User:Jenson1/sandbox

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== History  ==
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&nbsp;Historical Braddock's Road <br> [[Image:Cumberland md braddock road.jpg|thumb|Cumberland md braddock road.jpg]] <br> <br> <br> <br>This road was the first road to cross overland through the Appalachian Mountains. Major General Edward Braddock was given orders by the British government to widen the road which had started to be covered over with foliage .The road was used very little during the Revolutionary War. Braddock took 600 soldiers to work the old road, The road need to be wide enough to accommodate wagons and animals, as well as the siege artillery that they brought along use against For Duquesne. In 1755 they set out from Fort Cumberland through Maryland to Fort Duquesne. The General’s axe men cut a 12-foot road through the trees. The road when through Maryland and Pennsylvania to the Potomac River at Cumberland, Maryland, with the Monongahela River at Turtle Creek which is Pittsburgh, Pennsylvania now.
 
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== City Hall  ==
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== Biography  ==
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== Cemeteries  ==
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[http://files.usgwarchives.net/me/franklin/cemeteries/braggcem.txt Bragg-Porter Hill Cemetery at Farmington]
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[http://files.usgwarchives.net/me/franklin/cemeteries/btfldcem.txt Butterfield Cemetery at Farmington]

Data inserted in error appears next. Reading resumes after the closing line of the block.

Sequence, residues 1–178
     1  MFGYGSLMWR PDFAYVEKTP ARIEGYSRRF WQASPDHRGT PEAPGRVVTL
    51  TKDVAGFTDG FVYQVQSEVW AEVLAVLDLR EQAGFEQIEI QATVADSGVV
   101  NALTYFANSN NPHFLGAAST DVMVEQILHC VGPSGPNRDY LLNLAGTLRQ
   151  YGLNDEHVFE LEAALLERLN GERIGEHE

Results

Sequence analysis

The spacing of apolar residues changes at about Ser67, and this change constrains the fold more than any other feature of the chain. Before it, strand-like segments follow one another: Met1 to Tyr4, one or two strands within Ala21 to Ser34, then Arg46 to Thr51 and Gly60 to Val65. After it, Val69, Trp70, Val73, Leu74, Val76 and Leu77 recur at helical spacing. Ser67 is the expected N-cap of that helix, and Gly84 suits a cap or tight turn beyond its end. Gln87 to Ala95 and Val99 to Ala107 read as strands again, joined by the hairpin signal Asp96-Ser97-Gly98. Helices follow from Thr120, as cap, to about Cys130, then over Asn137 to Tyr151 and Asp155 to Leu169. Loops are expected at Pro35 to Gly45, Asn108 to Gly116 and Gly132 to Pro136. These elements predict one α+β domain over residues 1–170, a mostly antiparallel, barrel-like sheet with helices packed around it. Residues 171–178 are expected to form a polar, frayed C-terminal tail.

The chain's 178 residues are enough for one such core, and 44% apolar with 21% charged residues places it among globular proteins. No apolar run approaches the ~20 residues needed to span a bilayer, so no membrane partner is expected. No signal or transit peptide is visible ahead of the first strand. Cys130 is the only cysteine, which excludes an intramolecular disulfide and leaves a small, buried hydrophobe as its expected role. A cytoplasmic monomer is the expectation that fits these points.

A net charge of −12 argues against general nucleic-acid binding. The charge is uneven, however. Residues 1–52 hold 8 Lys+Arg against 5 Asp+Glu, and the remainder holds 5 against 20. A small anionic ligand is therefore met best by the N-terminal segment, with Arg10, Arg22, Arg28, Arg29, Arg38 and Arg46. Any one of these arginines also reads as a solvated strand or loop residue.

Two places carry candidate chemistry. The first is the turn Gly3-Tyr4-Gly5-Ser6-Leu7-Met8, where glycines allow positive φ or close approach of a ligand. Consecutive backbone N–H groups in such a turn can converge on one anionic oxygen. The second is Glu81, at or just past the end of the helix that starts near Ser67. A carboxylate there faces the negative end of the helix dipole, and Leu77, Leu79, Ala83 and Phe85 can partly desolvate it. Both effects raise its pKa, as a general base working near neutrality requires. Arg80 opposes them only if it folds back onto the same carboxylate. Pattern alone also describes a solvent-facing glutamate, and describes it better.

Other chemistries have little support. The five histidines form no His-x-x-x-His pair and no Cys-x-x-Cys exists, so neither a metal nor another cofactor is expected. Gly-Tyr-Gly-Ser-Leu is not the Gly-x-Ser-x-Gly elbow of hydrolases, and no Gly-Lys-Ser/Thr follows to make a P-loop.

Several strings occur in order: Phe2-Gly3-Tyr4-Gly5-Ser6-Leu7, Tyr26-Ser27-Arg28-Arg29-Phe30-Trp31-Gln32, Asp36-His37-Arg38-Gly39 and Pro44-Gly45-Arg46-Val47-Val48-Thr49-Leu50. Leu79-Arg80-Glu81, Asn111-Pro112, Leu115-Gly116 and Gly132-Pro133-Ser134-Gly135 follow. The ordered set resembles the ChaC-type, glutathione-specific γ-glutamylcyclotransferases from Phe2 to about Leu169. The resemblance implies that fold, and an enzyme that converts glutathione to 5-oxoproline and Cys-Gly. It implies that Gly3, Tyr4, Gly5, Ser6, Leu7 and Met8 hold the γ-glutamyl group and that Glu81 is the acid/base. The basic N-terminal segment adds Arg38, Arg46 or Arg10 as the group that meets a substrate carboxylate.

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[http://files.usgwarchives.net/me/franklin/cemeteries/gaycem.txt Gay Cemetery at Famrington]
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[http://files.usgwarchives.net/me/franklin/cemeteries/hollycem.txt Holly Cemetery at Farmington]
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== Land and Property  ==
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== Maps  ==
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== Newspapers  ==
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== Vital Records  ==
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Revision as of 21:09, 25 January 2013

 Historical Braddock's Road
Cumberland md braddock road.jpg




This road was the first road to cross overland through the Appalachian Mountains. Major General Edward Braddock was given orders by the British government to widen the road which had started to be covered over with foliage .The road was used very little during the Revolutionary War. Braddock took 600 soldiers to work the old road, The road need to be wide enough to accommodate wagons and animals, as well as the siege artillery that they brought along use against For Duquesne. In 1755 they set out from Fort Cumberland through Maryland to Fort Duquesne. The General’s axe men cut a 12-foot road through the trees. The road when through Maryland and Pennsylvania to the Potomac River at Cumberland, Maryland, with the Monongahela River at Turtle Creek which is Pittsburgh, Pennsylvania now.